How to tackle pension underfunding issues Featured

11:50pm EDT March 31, 2012

Although the stock market has rebounded, most defined benefit pension plans are still facing difficult decisions related to their retirement philosophy and related workforce strategy. General Motors, Sears and Bank of America are a few of the companies that have recently announced major plan changes, but even small and mid-size companies are reviewing their retirement strategy.

The underfunding and asset-liability mismatch continues to challenge plan sponsors. According to the 2012 MetLife U.S. Pension Risk Behavior Index Study, plan sponsors no longer believe they can rely on traditional portfolio diversification alone to meet future obligations; many are considering changes.

“Despite on-going cash funding of pension plans over the past 10 years, many plan sponsors still find their plans underfunded due to market volatility and low interest rates,” says Steve Parsons, FCA, MAAA, and principal with Findley Davies, Inc. “This situation has resulted in employers reevaluating their pension strategies. This evaluation process includes a review of potential changes to plan design, funding, and asset allocation strategies. Several have reduced their commitment via plan changes, plan freezing, or terminating a defined benefit pension plan.”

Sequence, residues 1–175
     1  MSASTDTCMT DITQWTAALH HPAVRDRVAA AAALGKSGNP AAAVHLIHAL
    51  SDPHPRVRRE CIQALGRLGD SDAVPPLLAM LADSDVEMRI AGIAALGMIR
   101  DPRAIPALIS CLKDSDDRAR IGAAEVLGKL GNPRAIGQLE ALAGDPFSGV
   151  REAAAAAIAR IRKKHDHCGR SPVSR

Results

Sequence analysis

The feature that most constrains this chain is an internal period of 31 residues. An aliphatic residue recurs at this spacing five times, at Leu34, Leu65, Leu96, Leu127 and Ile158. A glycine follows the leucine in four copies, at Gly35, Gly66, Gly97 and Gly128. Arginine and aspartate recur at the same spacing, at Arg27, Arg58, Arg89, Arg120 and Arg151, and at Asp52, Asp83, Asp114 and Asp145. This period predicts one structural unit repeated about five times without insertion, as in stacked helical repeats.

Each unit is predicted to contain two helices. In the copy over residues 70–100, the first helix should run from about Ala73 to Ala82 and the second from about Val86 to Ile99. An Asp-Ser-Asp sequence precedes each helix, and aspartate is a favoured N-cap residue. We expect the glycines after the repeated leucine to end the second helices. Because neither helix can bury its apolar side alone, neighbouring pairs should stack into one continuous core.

Smart Business spoke with Parsons about the current pension underfunding crisis and the possible solutions for plan sponsors.

Why has pension underfunding reached a crisis point?

Although pension portfolios took a hit during the 2008 market correction, the current crisis has really been brewing over the last 10 years. Marketplace volatility, low interest rates and changes in accounting procedures and cash funding rules have converged and boosted the number of companies with underfunded plans by 20 to 30 percent. The Pension Protection Act of 2006 reduced the opportunity for employers to have funding strategy options and now requires them to fund shortfalls over a seven-year period. The bottom line is that companies have taken this opportunity to reevaluate their retirement strategy and philosophy. As a result, employers tended to elect one of three paths: maintain their commitment to the current plan, keep their current plan with a reduced formula, or freeze their pension plan and shift to a 401(k) strategy.

When is freezing a plan a viable solution?

Defining options and strategy can empower an employer to properly align market competitiveness, cash funding strategies, and strategic work force plan. When evaluating a freeze to the pension plan, an employer should consider how the decision to freeze its defined benefit pension plan will impact talent acquisition, morale and retention down the road.

Freezing the pension plan can be accomplished several ways, including closing the plan to new participants, partially freezing the plan that protects older participants, or a hard freeze impacting all participants.